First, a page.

Celia Hart's blog about what's going on in and around her studio.
Art, printmaking, inspirations, gardening, vegetables, hens, landscapes, wild flowers, East Anglia, adventure, travel.

Saturday, 23 May 2009

Through the new green gate

Continuing the garden tour . . .

Follow the hen through the hazel arch and around the dragonfly pond and what's this?!!!

A new green gate! That wasn't there before!


Over the past few weeks Cliff has been working very hard constructing a new fence and this new gate. It's all part of our exciting new garden project which started way back in August 2008 – in fact it was a couple of days after I came home from hospital after a serious operation. Since we moved here 10 years ago, I had always dreamed of extending the end of the garden to the field boundary the other side of a small wooded area; and then one afternoon we had one of those 'we could do it now or never' opportunities – we asked if we could buy the land and the owner said yes! Hurrah! well we then had to wait for all the paperwork and legal stuff to happen, which it did (but very, very slowly – so slowly that I postponed being excited). And now we are owners of . . .

THE WILD WOOD


As you can see it's not very big or particularly wild – but we have plans :-)

And we now have a view from our garden, out over the fields . . .


We also have 'stuff' buried in the ground – lots and lots of broken pieces of something which was very big and curved and got very, very hot. So hot that some of the bricks melted!


One piece has part of an inscription on it . . .


I think the last part may have read STOURBRIDGE, a town which was the main source of clay for fire bricks and kilns.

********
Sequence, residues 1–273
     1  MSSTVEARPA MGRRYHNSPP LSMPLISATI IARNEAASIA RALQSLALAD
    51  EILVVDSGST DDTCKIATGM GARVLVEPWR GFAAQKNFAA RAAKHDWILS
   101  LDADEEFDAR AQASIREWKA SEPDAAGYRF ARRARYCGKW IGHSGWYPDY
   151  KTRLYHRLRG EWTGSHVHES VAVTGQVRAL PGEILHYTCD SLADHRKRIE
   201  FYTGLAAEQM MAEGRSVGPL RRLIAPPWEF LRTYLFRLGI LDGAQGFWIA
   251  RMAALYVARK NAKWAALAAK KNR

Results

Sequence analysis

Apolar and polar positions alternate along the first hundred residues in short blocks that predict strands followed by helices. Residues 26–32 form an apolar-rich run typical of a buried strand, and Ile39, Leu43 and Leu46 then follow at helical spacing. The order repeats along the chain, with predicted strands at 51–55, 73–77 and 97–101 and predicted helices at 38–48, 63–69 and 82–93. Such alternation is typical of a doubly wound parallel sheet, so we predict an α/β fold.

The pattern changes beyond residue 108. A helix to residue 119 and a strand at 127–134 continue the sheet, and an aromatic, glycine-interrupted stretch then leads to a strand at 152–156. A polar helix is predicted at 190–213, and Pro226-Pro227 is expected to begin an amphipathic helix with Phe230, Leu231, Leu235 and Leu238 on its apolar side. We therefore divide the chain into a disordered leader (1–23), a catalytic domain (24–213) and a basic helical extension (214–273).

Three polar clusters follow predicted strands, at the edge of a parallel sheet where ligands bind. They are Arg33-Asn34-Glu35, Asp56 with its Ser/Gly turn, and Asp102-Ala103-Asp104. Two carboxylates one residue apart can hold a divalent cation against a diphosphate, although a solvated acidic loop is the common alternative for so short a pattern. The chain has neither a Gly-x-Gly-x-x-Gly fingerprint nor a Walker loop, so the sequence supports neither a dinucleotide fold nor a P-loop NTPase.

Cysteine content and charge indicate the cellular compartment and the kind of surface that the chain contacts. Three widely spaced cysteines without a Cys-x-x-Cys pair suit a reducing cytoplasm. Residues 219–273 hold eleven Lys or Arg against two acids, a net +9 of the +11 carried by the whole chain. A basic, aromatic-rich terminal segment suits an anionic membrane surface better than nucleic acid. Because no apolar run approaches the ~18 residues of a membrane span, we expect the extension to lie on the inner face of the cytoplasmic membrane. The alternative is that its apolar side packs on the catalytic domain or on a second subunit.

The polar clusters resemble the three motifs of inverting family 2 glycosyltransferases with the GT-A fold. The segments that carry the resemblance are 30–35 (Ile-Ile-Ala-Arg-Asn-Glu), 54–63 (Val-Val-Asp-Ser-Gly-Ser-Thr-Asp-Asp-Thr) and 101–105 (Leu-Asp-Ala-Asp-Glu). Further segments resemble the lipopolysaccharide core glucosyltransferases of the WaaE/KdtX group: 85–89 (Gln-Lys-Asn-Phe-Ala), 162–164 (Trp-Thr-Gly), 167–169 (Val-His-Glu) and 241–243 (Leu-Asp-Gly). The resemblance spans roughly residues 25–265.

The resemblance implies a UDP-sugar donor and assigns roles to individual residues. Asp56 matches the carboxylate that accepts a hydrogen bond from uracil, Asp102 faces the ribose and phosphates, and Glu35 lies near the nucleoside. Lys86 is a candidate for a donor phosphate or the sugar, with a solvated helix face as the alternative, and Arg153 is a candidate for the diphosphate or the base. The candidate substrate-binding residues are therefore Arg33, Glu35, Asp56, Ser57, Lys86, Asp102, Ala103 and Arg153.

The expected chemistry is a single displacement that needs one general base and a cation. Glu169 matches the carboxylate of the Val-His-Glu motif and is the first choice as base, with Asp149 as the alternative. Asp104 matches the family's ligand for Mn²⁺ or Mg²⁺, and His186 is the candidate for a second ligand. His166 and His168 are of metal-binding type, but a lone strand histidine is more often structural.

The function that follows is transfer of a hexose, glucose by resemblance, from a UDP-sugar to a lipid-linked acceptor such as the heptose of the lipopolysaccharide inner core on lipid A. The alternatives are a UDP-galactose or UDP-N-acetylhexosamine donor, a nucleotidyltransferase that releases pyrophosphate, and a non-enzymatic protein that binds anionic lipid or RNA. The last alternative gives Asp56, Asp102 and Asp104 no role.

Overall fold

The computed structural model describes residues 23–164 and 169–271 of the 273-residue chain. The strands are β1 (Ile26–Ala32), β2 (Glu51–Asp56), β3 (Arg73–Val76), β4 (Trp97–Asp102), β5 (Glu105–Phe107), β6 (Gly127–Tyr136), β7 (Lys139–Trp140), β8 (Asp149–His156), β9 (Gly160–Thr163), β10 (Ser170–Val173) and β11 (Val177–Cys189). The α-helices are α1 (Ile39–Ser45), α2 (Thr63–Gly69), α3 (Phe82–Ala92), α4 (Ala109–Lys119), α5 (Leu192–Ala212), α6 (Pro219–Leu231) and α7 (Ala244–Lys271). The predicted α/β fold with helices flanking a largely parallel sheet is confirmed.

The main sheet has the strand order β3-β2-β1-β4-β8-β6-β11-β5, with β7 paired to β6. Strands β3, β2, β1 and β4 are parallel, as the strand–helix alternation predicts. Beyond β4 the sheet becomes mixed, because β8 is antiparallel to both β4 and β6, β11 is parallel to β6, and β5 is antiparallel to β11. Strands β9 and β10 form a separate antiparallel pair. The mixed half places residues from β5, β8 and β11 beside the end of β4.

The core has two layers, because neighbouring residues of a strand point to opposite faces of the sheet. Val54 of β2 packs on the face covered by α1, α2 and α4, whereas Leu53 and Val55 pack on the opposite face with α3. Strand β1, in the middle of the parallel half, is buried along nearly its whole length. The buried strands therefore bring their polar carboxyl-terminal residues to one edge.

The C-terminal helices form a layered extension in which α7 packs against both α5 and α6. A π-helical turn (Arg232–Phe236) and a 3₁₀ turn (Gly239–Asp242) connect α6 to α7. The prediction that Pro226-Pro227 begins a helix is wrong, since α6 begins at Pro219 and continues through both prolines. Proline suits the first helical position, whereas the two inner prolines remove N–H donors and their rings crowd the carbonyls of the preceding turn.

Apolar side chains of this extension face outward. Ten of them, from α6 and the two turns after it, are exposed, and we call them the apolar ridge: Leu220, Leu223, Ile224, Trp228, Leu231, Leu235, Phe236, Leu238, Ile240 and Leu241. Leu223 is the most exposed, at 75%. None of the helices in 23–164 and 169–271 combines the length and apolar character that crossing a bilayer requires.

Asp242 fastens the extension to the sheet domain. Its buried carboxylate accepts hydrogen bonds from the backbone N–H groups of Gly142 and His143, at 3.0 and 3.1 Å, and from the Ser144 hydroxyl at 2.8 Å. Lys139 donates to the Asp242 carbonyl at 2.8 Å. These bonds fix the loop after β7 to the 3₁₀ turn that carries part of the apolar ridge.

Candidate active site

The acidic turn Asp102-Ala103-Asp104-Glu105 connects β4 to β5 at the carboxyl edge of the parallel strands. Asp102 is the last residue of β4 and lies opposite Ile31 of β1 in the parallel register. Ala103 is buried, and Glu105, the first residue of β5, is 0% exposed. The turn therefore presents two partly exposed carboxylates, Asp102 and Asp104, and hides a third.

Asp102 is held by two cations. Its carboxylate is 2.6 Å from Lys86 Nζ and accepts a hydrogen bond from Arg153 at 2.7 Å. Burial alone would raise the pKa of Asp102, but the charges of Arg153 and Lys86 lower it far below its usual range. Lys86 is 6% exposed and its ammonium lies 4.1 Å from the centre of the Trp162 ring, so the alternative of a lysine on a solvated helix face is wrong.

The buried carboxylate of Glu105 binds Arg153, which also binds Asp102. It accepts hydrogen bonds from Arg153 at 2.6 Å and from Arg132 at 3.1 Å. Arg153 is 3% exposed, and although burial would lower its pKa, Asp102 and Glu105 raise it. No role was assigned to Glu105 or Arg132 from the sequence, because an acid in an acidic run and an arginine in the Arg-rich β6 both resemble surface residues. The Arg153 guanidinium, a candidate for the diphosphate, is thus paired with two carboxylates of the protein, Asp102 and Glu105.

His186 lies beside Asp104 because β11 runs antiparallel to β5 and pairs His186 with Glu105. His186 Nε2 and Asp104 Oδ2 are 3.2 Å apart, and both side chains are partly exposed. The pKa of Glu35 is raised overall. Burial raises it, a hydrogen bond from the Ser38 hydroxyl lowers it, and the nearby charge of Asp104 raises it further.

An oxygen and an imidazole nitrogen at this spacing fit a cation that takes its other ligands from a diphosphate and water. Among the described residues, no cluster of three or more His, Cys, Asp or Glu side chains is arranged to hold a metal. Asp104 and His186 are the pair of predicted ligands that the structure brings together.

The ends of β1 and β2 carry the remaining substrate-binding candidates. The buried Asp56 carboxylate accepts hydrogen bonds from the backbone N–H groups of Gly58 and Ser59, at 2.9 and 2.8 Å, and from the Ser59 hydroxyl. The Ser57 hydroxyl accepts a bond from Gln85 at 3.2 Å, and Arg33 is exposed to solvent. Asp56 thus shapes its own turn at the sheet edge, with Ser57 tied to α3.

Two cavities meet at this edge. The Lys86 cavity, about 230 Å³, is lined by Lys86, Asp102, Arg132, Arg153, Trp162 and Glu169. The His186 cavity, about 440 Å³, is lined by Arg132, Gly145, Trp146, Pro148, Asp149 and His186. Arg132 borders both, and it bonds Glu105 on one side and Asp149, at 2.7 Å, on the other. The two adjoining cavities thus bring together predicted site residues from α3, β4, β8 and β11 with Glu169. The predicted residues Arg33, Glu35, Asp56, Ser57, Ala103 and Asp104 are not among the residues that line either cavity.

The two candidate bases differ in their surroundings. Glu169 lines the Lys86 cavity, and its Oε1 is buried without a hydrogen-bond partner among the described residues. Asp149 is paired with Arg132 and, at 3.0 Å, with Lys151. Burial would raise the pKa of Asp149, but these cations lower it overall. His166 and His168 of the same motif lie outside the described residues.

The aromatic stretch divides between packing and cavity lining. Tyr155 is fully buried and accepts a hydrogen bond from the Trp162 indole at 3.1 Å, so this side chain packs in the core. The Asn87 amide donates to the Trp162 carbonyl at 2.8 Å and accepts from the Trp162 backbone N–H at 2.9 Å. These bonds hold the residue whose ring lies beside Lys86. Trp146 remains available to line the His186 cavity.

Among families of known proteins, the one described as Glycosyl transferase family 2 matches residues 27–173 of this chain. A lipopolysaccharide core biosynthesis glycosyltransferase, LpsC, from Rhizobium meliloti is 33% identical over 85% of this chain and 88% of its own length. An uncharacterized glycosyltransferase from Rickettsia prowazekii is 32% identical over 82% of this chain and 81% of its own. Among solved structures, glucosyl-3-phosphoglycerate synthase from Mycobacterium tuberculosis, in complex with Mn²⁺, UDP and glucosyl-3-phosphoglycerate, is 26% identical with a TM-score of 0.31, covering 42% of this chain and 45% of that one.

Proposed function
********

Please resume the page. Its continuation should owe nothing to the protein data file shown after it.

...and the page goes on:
So what was it? Any ideas?

We have a two possible theories . . .

• It was the brick kiln used to make all the bricks for our garden wall. But that was over 250 years ago. Does it look that old?

• It was a furnace of some kind used by the local forge which was located on the opposite bank of the brook which runs alongside the land.

Any ideas?

14 comments:

  1. Ooo how exciting!

    It looks like it says something 'Jun[io]r Limited 13? Stourbridge"? A company name of some kind perhaps?

    It was lovely to see you today - hope you had fun up in North Norfolk!

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  2. oh I hope you save that! At least the part with the lettering. I bet it was part of the kiln. And with the other pieces having melted they were so hot, that would sure make sense. What a treasure.

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  3. How lovely to have a woodland garden. The mystery object is very unlikely to have been a brick kiln, because even into the 20th century large-scale brick and tile manufacturers were still using wood-fired beehive kilns to make their bricks, so if you know that your walls are 250 yrs old, that's likely to be much too early - unless you know anything about the man who built them.

    As to the Stourbridge connection: you have to ask yourself how something from the industrial midlands ended up in Norfolk. The answer is that Stourbridge was a centuries-old iron centre which industrialised early, had a canal to ship goods out, and then became an early railway centre. So your piece of ironmongery cannot pre-date the canal (they'd never have got it to Norfolk without - roads didn't become efficient until the invention of tarmac), which I've just looked up, and it was opened in 1779. And something as valuable as that would probably not have been used to make bricks, unless there was a rich/mad/innovative landowner involved.

    The more information you can get about the company name, the more likely you are to be able to solve this intriguing mystery. I hope you'll be able to make a historical garden ornament out of the pieces

    Joanna

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  4. Hi Sarah and Jon - hope you're having a good day today. I love the bird print - can't wait to get it framed for the kitchen.